Globally, the number of the net store openings by luxury brands has also for the first time run into the negative territory. The report said most brands have more or less closed some of their stores in the department stores, a traditional channel that accounts for about one-third of these brands’ global sales.

Chinese consumers have demonstrated some remarkedly different purchasing behaviours from that of the West. According to Pierre Gervois, a leading expert about wealthy Chinese travelers’ shopping behavior, and founder of the prestigious STC magazine “Western luxury brands have been warned since 2010 that their projections about affluent Chinese consumers were grossly exaggerated.” “Brands refused to acknowledge that their future Chinese customers would buy in overseas stores  rather than in domestic stores, both for tax reasons but also because of the poor customer service in their Chinese stores”, Gervois added.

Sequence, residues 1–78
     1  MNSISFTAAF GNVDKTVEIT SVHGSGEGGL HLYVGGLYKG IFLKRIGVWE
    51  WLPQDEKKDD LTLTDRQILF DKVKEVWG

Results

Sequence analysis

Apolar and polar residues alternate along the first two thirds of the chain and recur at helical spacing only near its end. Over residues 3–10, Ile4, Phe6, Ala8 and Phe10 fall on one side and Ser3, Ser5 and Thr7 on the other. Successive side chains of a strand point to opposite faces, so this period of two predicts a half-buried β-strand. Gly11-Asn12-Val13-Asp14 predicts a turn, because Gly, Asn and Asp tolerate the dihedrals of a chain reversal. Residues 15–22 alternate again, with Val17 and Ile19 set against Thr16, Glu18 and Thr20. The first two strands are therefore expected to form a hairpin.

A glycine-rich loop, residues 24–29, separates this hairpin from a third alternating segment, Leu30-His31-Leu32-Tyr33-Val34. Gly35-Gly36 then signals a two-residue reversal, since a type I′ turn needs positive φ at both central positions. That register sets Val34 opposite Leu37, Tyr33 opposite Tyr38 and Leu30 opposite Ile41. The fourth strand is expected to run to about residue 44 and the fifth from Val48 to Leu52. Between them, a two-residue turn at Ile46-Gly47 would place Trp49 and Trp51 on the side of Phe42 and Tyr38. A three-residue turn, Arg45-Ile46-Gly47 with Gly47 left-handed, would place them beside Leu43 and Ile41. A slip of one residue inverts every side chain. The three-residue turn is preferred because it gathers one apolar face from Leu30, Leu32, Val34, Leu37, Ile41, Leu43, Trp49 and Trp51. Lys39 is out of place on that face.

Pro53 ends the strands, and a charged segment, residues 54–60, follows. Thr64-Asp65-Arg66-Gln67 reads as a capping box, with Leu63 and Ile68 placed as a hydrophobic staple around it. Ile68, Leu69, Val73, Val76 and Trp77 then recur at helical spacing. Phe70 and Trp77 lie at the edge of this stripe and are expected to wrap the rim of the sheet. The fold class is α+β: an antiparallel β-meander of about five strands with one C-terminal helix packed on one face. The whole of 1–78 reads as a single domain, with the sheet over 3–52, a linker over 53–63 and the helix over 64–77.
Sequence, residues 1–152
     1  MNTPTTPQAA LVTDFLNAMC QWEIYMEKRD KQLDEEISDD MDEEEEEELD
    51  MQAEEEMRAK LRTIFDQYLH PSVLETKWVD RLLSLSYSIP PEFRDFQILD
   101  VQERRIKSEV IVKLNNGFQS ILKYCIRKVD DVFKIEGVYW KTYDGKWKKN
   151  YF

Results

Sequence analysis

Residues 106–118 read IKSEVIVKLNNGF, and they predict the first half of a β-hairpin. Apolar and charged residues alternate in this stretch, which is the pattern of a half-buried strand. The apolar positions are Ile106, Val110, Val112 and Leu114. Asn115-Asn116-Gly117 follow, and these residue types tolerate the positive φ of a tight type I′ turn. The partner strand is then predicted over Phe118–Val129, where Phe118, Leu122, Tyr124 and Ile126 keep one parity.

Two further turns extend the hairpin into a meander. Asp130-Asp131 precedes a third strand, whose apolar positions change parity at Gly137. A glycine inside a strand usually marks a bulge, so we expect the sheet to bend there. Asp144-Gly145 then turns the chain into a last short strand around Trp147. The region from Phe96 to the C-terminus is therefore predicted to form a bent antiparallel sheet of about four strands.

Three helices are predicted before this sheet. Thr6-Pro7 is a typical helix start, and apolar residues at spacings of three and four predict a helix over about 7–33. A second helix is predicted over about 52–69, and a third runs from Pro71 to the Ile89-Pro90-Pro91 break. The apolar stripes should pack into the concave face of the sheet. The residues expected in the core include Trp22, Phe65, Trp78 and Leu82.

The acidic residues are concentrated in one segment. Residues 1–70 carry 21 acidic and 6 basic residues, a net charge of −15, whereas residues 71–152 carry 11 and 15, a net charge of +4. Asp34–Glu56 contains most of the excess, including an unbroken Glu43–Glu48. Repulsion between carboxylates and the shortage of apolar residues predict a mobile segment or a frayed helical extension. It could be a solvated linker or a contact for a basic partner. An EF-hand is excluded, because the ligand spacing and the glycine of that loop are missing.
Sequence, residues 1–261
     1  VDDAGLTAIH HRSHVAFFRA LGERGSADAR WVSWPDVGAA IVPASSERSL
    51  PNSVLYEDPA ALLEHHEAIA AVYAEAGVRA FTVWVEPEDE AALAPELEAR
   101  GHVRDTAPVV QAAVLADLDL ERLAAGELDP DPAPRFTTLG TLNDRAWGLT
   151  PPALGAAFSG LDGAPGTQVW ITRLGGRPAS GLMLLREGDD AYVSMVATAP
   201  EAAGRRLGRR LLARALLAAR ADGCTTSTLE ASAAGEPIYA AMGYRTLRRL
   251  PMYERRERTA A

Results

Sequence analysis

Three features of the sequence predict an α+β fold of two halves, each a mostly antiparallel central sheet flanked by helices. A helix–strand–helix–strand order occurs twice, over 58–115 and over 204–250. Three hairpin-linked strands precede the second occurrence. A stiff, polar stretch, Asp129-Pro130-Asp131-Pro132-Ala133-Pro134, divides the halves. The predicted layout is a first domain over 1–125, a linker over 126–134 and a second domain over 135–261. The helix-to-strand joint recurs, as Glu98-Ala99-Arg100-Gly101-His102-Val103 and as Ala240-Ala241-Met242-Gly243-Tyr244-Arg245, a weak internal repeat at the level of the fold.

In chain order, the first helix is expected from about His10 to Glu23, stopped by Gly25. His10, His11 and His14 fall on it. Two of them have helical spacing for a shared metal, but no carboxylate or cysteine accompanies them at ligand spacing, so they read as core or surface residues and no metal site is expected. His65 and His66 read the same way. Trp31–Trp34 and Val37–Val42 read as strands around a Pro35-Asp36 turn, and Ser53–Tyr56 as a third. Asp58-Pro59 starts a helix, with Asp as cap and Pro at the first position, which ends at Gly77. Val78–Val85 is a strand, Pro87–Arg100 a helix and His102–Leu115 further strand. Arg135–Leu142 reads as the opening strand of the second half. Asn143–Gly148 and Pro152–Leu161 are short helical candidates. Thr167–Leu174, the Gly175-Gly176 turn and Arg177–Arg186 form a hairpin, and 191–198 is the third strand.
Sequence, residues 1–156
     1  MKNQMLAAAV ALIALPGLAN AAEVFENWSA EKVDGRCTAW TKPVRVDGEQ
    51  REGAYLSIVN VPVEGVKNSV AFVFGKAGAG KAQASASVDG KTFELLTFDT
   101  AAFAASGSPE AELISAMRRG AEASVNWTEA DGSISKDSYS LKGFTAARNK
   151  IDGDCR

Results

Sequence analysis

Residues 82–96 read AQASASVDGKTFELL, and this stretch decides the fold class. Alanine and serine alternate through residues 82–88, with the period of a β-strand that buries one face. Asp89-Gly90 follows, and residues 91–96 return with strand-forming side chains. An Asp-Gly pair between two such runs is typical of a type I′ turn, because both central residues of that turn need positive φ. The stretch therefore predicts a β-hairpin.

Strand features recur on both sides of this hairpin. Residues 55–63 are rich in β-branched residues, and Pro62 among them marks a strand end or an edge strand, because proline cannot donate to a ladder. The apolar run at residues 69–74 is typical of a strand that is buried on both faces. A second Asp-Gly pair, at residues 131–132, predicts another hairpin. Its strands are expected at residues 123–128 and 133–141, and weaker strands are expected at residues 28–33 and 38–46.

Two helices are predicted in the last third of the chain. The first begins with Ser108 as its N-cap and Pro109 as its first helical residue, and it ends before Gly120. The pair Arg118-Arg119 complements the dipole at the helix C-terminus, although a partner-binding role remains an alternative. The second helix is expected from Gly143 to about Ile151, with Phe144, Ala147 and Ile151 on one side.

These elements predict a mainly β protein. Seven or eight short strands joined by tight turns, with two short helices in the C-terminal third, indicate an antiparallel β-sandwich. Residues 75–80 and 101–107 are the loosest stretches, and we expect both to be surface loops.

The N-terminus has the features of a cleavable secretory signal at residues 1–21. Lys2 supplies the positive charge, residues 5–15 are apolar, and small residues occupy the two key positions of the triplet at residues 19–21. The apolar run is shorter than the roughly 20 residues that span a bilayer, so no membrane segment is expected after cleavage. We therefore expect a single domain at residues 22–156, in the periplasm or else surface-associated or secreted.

The really affluent Chinese consumers (as affluent as an average U.S. or Western Europe consumer) massively choose not to purchase in Chinese stores, neither online in China.  They choose deliberately to purchase overseas, as a sign of social status.

Another distinguishing habit that sets Chinese luxury consumers apart from Westerners is their huge interest in buying luxury items online. Over the past year, an increasing number of luxury brands have embraced the e-commerce marketplace and launched stores with the country’s top two players, Alibaba and JD. Moreover, big names like Louis Vuitton and Gucci even opened their own Chinese e-commerce stores to ensure their offerings meet the expectations of Chinese consumers. And then there’s the nature of luxury itself, the meaning of which is different to younger consumers from what it was to their forebears.